“If you look at the Ohio State roster, there are not a ton of Ohio guys, and I would suggest maybe looking at that aspect of the roster and finding more Ohio guys that qualify to be on the Ohio State roster to make them appreciate what this game really means,” Herbstreit told the hosts of the “Pardon My Take,” podcast.
“I’ve always felt that when Ohio State is tougher (it has more Ohio natives),” said the Centerville High School grad who is the son of an Ohio State captain (Jim Herbstreit) and later became one himself. “The recruiting that they have done from the end of the Urban Meyer era to now, they recruit nationally. They go to Florida. They go to Georgia. They go to North Carolina. They go to Texas. They go to California.”
Meyer became the head coach of the Buckeyes in late 2011.
He signed six national top five classes before retiring in 2018 and handing the program over to Day, who has signed four top five classes himself.
Day also continued a trend of signing fewer players fro Ohio.
While 41 percent of Meyer’s Ohio State signees were from in-state, that number has dipped to 31 percent under Day.
In contrast, the two full-time coaches before that — John Cooper (1988-2000) and Jim Tressel (2001-10) — both signed classes that were on average 60 percent Ohioans.
“Ohio State lived in Michigan’s head for a number of years with Jim Tressel and Urban Meyer,” said Herbstreit. “And (Michigan head coach) Jim Harbaugh, to his credit, they were ready to fire him, but now he’s completely turned this thing around.”
The Wolverines snapped an eight-game series losing streak with a physically dominating 42-27 victory in 2021, giving rise to a narrative the Buckeyes lack toughness.
Although the outcome of the last two games appeared to have more to do with capitalizing on opportunities (or not) than pure physical prowess, the toughness talk was renewed after Michigan prevailed again 30-24 last Saturday, and the issue figures to hang over the Buckeyes until they get back in the win column in the series.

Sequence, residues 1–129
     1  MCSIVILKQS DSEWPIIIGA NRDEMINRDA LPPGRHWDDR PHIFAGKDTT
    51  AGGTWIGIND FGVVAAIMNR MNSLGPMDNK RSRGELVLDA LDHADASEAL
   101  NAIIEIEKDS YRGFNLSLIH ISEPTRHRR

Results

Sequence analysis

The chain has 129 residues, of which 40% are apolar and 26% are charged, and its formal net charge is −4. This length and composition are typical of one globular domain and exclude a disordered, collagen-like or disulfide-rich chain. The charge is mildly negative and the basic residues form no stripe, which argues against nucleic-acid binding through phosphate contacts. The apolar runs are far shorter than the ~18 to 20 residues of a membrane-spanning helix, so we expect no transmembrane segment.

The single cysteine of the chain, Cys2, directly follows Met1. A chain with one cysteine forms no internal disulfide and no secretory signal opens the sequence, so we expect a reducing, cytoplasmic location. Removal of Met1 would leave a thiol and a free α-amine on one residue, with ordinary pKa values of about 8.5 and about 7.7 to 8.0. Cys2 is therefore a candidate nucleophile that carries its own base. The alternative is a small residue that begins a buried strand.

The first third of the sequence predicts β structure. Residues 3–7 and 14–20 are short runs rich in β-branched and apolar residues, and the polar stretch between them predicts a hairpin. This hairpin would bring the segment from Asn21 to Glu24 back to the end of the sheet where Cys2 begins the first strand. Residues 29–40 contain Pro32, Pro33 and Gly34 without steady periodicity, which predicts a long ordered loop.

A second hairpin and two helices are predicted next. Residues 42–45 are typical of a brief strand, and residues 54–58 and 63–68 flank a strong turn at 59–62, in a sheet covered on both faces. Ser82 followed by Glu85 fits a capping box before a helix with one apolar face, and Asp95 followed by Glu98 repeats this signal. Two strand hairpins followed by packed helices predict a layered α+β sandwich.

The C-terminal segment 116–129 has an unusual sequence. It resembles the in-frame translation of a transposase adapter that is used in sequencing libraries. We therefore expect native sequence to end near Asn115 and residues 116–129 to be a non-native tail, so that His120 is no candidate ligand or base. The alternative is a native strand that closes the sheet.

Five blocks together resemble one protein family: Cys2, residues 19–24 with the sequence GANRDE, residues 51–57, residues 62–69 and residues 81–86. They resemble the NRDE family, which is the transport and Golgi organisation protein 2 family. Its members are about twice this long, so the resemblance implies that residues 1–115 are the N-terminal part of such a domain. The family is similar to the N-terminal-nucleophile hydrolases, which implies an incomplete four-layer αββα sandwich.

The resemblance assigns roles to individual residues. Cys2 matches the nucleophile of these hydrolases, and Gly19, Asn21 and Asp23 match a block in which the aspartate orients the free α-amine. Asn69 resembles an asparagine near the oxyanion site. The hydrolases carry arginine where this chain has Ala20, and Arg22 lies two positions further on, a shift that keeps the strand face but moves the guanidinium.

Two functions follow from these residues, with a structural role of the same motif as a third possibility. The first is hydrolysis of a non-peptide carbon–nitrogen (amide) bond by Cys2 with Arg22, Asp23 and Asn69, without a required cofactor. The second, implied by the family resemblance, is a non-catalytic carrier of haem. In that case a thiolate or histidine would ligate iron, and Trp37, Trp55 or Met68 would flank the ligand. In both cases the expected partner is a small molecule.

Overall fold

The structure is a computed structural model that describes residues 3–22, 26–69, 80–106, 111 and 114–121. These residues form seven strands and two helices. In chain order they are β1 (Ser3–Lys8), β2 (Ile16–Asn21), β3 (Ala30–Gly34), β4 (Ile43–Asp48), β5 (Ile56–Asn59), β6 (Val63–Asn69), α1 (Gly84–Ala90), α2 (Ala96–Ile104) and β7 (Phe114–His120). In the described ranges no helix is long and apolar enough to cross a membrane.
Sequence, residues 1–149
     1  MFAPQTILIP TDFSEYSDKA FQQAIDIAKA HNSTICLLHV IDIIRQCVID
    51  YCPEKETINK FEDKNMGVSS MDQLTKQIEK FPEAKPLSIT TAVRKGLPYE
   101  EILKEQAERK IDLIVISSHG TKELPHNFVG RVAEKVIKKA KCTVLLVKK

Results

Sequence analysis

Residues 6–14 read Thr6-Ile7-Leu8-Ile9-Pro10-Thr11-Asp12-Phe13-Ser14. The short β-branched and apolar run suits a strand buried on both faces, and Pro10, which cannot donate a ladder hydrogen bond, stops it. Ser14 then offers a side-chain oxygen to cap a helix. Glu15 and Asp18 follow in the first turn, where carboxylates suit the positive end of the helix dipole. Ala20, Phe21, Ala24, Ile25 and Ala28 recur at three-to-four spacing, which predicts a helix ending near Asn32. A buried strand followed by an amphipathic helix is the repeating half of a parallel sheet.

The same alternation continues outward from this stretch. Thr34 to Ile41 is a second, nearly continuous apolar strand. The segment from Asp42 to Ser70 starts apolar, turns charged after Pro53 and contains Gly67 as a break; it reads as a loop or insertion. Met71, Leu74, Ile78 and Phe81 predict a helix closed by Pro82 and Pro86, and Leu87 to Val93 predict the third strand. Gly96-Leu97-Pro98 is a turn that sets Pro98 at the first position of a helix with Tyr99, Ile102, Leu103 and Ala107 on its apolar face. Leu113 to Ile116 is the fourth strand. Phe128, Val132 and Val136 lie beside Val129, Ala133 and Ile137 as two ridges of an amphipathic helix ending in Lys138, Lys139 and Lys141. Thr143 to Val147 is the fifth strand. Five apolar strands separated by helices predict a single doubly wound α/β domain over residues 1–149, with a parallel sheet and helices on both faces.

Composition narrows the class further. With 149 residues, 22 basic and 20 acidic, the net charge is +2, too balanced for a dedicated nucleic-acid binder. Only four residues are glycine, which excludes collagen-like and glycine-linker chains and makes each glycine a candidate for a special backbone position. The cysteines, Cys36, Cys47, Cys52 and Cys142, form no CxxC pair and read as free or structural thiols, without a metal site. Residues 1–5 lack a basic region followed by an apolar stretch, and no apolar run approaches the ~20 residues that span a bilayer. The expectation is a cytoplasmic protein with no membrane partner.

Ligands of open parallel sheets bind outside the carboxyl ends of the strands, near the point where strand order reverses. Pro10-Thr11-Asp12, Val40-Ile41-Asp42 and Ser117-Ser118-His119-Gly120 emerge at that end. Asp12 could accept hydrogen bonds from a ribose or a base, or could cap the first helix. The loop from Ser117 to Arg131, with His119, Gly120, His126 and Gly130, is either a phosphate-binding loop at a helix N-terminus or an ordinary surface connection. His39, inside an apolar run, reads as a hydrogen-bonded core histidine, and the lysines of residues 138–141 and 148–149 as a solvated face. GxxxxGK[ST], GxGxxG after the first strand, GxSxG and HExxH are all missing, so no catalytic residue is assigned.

“You can put slogans up. You can do a fourth-quarter drill (in practice) and call it the Michigan drill. You can have a (countdown) clock in the Woody Hayes (Athletic Center), but the reality is, when we watch The Game, it feels like the Michigan team plays as a group where they play like with a chip on their shoulder,” Herbstreit said. “They play like they’re mad at the world, and they play with something to prove. And in the last three years that has been more than what Ohio State has brought to the table in that game.”
Michigan has flipped the rivalry without out-recruiting Ohio State — the Wolverines have only signed a higher-rated class than the Buckeyes once since 2011 — but Harbaugh steered the Wolverines back into the winner’s circle by remaking them as a blue-collar outfit.
“I feel like right now Ohio State has great players, and they have a great culture, but when it comes to that game, it’s become a psychological aspect of the game,” Herbstreit said. “I still think Michigan has a bunch of guys that are great players but maybe not quite as recruited at the level of Ohio State. And they’ve got a chip on their shoulder to prove that they are collectively better than the Marvin Harrison Jr.’s and Emeka Egbuka and all the great individual superstars that Ohio State has. They have a chip on their shoulder to show Ohio State, we have a better culture, we’re better than you, and right now that united front is more powerful than what Ohio State has.
“Even with that being said, you had the ball late. You had a chance. You moved the ball into Michigan territory, and you have to give Michigan all the credit in the world. They made the plays they had to to win the game.”
At this point in the 2024 cycle, they have verbal commitment from seven Ohioans in a class that numbers 23 but figures to keep growing until the first National Signing Day of the school year (Dec. 20) and beyond.
Ironically, Michigan’s recent recruiting has featured fewer players from Ohio, too.